As can be seen in FIG. 3, a handle 40 is provided on the side of the device remote from the front face 13 to facilitate use of the device. The handle may be in the form of a knob or a rib that extends the full length or width of the support 12. If the handle does not have any undercuts injection moulding may be facilitated.
The device 10 is preferably formed by injection moulding in suitable thermoplastics material and may be solid. Alternatively, the support and/or teeth may be hollow. Clearly, the device 10 may be formed in other suitable material such as wood.
In use, the device 10 and head of a racquet (not shown) are relatively pressed onto each other with passages 16 parallel to the handle of the racquet. The outer ends 30 of the teeth 14 are received in respective openings between the strings of the racquet notwithstanding that the strings may be displaced. As the teeth are pressed further through the openings between the strings, the tapered outer ends 30 guide the strings until they enter passages 16 and 18 so that the strings are straightened to a regular orthogonal array.
FIG. 4 shows a plan view of a second embodiment of the invention, in which the device 43 is very similar to the device 10 of FIGS. 1 to 3. Accordingly, the same reference numerals will be used for the same or similar parts, and the device 43 will only be described in relation to the differences from the device 10.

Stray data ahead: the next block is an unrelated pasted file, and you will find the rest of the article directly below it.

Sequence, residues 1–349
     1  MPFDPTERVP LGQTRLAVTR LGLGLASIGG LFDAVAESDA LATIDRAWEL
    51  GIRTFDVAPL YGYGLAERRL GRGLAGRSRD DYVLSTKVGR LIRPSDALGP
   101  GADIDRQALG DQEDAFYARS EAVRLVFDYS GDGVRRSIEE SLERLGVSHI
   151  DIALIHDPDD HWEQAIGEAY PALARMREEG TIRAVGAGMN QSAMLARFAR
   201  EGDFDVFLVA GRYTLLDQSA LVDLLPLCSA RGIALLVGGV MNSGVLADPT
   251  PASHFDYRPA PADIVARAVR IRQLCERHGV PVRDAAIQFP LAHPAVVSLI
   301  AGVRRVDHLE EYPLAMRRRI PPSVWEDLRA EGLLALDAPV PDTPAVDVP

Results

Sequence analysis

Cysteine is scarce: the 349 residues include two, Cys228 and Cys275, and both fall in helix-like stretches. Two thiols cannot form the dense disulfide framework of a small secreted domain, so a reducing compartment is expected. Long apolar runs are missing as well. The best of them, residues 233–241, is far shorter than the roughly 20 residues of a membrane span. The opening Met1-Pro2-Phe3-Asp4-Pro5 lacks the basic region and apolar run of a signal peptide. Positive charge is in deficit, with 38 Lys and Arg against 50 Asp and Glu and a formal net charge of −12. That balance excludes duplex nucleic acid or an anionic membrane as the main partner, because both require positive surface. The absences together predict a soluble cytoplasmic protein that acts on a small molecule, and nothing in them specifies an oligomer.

The sole difference is that in the device 43 every other tooth 14 is omitted so that the front face 13 has a checkerboard appearance in plan view and the passages 16 and 18 are omitted since no tooth has an immediately adjacent tooth. Thus there are spaces 42 between adjacent teeth in any one row but the immediately adjacent rows remain spaced to the same extent of passages 16 and 18 so as to receive the strings of a racquet therebetween. The spacing of the teeth in this manner is not believed to effect the effectiveness of the device 43 in straightening the strings.
It will be appreciated that many modifications and variations may be made to the described embodiments and all such modifications and variations should be construed as within the scope of the present invention.
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|Citing Patent||Filing date||Publication date||Applicant||Title|
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|Sep 13, 1994||REMI||Maintenance fee reminder mailed|
|Feb 5, 1995||LAPS||Lapse for failure to pay maintenance fees|
|Feb 6, 1995||FPAY||Fee payment|
Year of fee payment: 4
|Feb 6, 1995||SULP||Surcharge for late payment|
|Apr 18, 1995||FP||Expired due to failure to pay maintenance fee|
Effective date: 19950208